Sweden’s Richard Bergström was the easiest to track. As the country’s vaccine coordinator, he makes no secret of his involvement with the Steering Board and the Joint Negotiation Team. He is the only current negotiator who initially responded to IE’s questions. In an interview in September 2021, he said, “I don’t see the need for this secrecy, hence why you found me. Because my government thinks it can’t be secret that I’m doing this job.” 

Bergström has not always worked for the Swedish administration. He spent nearly three decades in the private pharmaceutical sector, including five years as head of its European lobby, EFPIA. When quizzed about his resume, he avoided the topic. “That’s a long time ago,” he argued. “The results have proven that we have been pretty good negotiators, I don’t want to talk about myself.” 

Since that interview, IE has discovered more bonds that Bergström seems to have kept with the industry, besides his official mandate.  

On his Linkedin profile, Bergström’s current employment is described as follows: vaccine coordinator for Sweden, senior partner at Hoelzle Buri Partners Consulting (HBPC), managing director at Bergström Consulting GmbH and senior advisor at Guardtime.


A screenshot of Bergström’s LinkedIn profile

HBPC is a Swiss consultancy whose website lists Bergström as one of its lobbyists, thanks to his “success record” on the European health care market. According to its own description, the company provides support to two major pharmaceutical lobbies: VIPS, in Switzerland, and PhRMA, in the United States. PhRMA’s members include AstraZeneca, Johnson & Johnson, Pfizer and Sanofi, which all have contracts with the EU.

Bergström Consulting GmbH is a Swiss business with a scarce online presence. Public records show that its CEO is none other than Walter Peter Hölzle, the owner of HBPC and a former head of VIPS for 12 years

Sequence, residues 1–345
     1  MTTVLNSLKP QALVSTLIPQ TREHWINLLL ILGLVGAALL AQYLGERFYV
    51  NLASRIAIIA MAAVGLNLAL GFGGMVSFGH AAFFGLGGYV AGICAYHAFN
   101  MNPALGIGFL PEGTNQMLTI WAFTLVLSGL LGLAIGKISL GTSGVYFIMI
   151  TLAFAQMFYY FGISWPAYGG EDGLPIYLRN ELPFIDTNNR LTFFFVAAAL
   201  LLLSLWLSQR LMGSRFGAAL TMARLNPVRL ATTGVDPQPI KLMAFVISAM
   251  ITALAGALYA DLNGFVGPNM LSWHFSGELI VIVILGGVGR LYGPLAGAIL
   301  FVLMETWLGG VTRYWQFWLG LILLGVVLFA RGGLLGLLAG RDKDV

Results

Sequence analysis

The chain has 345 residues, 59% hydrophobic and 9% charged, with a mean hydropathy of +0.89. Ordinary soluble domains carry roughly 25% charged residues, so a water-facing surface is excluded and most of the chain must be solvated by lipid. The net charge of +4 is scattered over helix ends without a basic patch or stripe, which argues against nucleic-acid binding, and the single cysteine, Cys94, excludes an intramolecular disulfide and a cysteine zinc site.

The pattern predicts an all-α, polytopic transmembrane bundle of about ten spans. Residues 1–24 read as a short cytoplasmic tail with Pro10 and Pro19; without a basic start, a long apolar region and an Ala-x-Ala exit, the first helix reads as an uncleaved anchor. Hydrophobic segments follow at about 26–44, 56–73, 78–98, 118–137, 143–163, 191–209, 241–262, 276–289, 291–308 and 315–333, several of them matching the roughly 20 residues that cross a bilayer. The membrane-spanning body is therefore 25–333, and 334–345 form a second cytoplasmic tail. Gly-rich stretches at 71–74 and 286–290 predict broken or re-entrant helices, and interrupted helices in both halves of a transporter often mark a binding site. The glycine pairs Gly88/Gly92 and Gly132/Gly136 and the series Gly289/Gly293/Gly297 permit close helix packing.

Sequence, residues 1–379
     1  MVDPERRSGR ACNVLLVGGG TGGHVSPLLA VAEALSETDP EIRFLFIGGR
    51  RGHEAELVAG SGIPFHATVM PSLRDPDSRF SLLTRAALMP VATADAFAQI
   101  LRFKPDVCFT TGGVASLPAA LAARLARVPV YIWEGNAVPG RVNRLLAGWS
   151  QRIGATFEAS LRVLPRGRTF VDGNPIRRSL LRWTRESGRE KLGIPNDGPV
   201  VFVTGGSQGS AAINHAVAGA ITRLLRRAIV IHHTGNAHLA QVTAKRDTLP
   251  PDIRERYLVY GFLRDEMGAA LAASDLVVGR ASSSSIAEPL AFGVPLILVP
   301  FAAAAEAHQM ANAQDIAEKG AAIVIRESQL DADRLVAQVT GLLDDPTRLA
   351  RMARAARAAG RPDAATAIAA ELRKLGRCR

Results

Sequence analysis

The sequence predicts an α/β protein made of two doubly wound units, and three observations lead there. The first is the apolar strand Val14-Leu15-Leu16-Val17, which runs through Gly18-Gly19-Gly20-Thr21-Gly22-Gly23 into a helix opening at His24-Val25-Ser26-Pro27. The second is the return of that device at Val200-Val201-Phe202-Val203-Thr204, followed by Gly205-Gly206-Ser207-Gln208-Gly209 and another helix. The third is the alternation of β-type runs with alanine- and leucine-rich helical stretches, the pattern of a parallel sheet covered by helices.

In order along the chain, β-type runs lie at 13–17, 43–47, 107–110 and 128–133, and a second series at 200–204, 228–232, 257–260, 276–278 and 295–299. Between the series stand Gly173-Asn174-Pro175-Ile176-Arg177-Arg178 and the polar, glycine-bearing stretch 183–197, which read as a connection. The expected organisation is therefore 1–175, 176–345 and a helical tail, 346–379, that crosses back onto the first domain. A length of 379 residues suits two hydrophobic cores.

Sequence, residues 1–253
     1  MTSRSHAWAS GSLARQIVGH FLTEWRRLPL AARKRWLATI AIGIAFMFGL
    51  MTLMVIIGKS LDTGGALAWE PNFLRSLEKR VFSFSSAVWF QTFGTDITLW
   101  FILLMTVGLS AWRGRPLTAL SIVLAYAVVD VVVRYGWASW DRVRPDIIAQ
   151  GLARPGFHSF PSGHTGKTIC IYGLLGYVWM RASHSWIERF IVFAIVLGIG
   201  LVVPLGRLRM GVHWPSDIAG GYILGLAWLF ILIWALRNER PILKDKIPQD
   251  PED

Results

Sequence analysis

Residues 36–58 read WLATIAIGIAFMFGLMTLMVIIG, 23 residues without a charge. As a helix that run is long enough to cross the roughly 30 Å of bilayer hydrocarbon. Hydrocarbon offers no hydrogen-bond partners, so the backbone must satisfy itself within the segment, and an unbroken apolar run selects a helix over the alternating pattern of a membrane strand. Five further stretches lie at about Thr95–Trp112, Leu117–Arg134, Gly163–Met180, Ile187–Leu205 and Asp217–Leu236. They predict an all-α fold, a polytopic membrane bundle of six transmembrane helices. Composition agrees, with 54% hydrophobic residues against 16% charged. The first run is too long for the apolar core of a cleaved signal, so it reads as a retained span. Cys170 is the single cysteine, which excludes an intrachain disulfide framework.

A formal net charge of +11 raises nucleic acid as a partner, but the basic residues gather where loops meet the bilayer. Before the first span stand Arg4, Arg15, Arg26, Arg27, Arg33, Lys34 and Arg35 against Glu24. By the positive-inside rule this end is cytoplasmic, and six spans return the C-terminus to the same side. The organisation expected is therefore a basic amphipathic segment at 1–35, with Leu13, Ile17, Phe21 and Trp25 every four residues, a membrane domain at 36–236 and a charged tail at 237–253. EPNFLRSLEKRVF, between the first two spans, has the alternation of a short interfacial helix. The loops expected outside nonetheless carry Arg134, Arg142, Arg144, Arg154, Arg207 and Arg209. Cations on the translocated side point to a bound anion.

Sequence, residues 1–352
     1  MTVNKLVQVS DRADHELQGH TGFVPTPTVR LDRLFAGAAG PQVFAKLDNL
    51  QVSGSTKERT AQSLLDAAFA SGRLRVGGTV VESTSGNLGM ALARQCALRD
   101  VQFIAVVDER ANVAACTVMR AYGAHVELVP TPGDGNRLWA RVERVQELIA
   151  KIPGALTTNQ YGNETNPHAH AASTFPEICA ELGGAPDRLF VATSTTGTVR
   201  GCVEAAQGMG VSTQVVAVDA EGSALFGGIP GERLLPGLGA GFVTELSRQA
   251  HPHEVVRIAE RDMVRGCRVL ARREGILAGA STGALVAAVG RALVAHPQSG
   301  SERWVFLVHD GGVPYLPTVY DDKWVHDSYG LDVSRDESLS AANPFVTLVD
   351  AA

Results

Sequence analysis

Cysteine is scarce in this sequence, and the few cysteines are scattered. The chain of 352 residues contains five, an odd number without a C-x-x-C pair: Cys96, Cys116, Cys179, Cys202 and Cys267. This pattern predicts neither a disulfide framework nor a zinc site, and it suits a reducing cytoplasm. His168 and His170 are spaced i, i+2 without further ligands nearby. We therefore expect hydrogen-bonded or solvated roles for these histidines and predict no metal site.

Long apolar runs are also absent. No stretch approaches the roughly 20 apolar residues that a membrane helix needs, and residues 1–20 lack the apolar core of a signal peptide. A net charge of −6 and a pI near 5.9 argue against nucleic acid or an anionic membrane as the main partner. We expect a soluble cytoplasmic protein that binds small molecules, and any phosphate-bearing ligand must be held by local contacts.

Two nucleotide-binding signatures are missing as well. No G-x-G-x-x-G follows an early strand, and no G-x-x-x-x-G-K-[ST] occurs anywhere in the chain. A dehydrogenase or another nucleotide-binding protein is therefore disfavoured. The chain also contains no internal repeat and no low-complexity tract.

HBPC and Bergström Consulting even share the same address in Zug, Switzerland. 

Guardtime is a global specialist in digital security. Its flagship product, VaccineGuard, is a vaccine certificate service that has been used in Hungary, Estonia and Iceland during the Covid-19 pandemic. On the group’s webpage, Bergström formerly held the title of ‘vice president for Life Sciences’. In August 2020, it was changed to ‘senior advisor’

What’s more, Bergström was, until recently, a customer development officer at PharmaCCX, which he co-founded in 2016. The firm develops solutions to “facilitate agreements and deals between payers and pharmaceutical companies”.

In February 2021, while he was already an EU negotiator, Bergström appeared in a promotional video with Nathan Sigworth, his then-partner at PharmaCCX. In the sequence, Bergström referred to his past at EFPIA, saying he was the “chief lobbyist for Pharma in Brussels.”


A screenshot of the PharmaCCX video (captions auto-generated)